Rob Montz, Tribune News Service
Twenty candidates lined up this week for the first televised debates of the 2020 election. The roster is maxed out, with senators, governors, mayors, and tech entrepreneurs all vying for the chance to take down President Donald Trump.
There is indeed one Democrat who’s perfectly positioned to do just that. He boasts that elusive mix of progressive bona fides, mainstream appeal, and proven policy track record. But he wasn’t on the stage.
It’s Jimmy Carter, of course.
That’s not entirely a joke. The public perception of Carter is that he’s a one-term loser crushed by the weight of his own naive incompetence. Supposedly just a simple peanut farmer chewed up by Washington, Carter has gone down in history as the poster boy for failed Democratic administrations.
That’s a mistake. Carter actually boasts one of the most impressive presidential policy records of the modern era, a set of accomplishments with broad bipartisan appeal that laid the groundwork for decades of prosperity. The yawning gap between the perception and reality of his administration is the product of our warped relationship with the presidency, the grotesque expectations the public imposes on this office.
Ronald Reagan is lionised as the great deregulator, but some of the most important deregulations of the last half century were actually initiated by Carter. This wasn’t mindless slashing; it was targeted, commonsense reform unleashing competition in parts of the economy long-dominated by artificial monopolies.
We see the fruits of Carter’s labours all around us. A trillion-dollar natural gas boom, cheap air travel, countless microbrews, a vast rail and freight infrastructure — these are the direct products of Carter-signed regulatory reforms.
Kennedy, Johnson and Nixon all abused American intelligence agencies to undermine political opponents; Carter championed new oversight of government wiretapping. And in an act of exceptional political self-sacrifice, he backed punishing policies to tame inflation. That produced immense short-term economic pain but laid the monetary foundations for the Reagan-era boom.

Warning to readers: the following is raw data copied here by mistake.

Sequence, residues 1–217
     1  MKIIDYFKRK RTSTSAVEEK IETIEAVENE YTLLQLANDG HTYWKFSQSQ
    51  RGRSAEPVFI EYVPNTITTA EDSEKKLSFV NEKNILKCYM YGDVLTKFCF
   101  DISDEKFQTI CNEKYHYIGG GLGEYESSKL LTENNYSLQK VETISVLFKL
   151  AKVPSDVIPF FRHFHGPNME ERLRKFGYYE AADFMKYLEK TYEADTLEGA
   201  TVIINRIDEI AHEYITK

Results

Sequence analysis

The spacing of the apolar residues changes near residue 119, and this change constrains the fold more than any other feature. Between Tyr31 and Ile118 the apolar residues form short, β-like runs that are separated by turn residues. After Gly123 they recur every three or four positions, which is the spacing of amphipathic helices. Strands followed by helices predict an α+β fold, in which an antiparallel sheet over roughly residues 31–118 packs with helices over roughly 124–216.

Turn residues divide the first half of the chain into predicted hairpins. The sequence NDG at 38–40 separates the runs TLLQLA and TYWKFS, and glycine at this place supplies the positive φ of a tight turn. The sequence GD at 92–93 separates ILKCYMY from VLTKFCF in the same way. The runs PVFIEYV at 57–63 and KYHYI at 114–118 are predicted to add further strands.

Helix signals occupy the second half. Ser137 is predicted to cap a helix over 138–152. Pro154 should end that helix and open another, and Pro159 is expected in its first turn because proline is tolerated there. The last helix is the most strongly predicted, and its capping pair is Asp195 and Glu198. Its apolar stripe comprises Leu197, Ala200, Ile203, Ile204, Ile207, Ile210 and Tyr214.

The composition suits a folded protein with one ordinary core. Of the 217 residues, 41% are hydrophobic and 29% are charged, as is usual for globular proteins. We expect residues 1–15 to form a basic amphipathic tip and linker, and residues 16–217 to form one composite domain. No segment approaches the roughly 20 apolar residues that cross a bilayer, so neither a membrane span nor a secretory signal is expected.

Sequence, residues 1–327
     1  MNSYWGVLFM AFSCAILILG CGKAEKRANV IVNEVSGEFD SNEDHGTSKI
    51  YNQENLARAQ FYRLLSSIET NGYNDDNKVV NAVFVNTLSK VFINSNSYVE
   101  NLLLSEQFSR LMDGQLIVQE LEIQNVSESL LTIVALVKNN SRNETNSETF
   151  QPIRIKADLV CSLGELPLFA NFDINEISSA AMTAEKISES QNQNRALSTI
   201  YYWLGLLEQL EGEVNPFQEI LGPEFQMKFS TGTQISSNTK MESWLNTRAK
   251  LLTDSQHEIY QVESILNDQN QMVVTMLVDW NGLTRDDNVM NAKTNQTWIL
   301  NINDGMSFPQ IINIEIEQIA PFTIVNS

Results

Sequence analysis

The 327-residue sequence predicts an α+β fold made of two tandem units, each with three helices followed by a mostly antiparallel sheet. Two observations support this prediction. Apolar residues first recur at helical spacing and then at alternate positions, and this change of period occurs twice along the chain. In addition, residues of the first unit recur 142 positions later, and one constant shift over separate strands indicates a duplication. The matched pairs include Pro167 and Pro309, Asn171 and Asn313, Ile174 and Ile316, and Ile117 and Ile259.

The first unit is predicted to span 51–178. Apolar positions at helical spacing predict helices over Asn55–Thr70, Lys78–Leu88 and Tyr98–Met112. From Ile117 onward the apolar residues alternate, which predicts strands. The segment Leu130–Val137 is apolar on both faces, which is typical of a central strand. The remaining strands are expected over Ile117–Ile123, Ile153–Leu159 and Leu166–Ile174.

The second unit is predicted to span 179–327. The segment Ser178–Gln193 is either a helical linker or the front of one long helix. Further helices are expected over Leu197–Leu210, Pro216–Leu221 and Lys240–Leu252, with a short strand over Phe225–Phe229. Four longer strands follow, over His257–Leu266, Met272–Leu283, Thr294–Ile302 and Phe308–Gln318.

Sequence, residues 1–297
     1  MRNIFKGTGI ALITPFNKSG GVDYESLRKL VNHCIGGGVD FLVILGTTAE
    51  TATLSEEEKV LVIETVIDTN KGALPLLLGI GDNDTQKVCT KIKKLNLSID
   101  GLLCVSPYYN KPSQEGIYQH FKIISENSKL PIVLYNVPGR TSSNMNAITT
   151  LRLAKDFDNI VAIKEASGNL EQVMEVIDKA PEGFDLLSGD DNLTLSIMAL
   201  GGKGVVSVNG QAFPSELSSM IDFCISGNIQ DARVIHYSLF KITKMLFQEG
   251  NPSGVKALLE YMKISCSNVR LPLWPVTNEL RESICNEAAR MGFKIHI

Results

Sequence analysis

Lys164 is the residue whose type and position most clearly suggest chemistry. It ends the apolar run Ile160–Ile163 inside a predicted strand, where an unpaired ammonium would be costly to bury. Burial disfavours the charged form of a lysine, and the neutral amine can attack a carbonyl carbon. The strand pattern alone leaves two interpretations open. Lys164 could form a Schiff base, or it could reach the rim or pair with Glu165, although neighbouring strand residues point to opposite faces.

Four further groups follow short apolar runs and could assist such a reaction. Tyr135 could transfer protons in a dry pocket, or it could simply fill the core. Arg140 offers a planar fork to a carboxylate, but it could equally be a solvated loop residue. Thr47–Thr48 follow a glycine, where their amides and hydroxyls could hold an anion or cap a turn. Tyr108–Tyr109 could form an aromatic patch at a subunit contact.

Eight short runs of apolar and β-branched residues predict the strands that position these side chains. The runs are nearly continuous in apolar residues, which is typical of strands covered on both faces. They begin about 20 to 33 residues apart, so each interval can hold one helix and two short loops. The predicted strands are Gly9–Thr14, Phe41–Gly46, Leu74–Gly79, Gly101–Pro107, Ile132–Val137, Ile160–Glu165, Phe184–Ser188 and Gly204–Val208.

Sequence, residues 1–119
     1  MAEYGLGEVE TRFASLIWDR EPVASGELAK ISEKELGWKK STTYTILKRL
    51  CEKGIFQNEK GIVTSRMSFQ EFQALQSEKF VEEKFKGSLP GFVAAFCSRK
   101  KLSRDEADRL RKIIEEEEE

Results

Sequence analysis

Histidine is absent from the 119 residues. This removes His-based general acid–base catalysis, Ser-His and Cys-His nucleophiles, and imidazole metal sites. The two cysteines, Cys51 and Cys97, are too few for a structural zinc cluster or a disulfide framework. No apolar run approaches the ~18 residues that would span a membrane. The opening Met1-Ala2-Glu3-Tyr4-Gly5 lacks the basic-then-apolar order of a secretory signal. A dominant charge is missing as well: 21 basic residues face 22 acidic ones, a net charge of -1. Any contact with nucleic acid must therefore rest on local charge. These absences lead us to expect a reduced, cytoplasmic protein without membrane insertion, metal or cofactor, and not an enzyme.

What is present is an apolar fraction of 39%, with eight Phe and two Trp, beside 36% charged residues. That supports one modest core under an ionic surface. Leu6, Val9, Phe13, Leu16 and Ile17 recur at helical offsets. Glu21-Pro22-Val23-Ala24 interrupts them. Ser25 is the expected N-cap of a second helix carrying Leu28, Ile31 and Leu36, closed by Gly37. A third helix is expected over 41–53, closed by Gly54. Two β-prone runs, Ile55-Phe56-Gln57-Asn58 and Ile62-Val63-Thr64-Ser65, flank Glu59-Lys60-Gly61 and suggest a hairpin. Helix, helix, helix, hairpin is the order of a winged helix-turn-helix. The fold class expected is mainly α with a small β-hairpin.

Carter also did plenty to please progressives, including creating two new Cabinet agencies. But unlike, say, President Barack Obama, who proudly accepted the Nobel Peace Prize his first year in office and then spent the rest of his term issuing executive orders to kill distant foreigners, Carter was genuinely committed to peace, distinguishing himself as the only modern president not to be at war during any part of his term.
So, why don’t you know any of this? Why have you been taught that Carter’s administration was a failure?
Because, of course, it’s not enough for presidents to simply govern competently. The public demands much more than that.
Over the last century, the presidency has steadily gathered a grotesque messianic mystique. The man in the Oval Office is not just another public servant; he’s the all-powerful father figure, the redeemer of the national soul, the messianic CEO of the economy. And Carter didn’t fit the role. This is a man who actually read complaints about his presidency live on national television — and who, at the white-hot peak of stagflation, famously told Americans “to sacrifice your comfort and your ease.”
Carter also intentionally rejected the monarchical trappings of the office: walking alongside the presidential limo in his inaugural parade; carrying his own garment bag off Air Force One; selling the presidential yacht; ordering the Marine Corps band to stop playing “Hail to the Chief” whenever he entered a room. As he later explained: “People want a royal family in the White House. I wasn’t inclined to give them that.”
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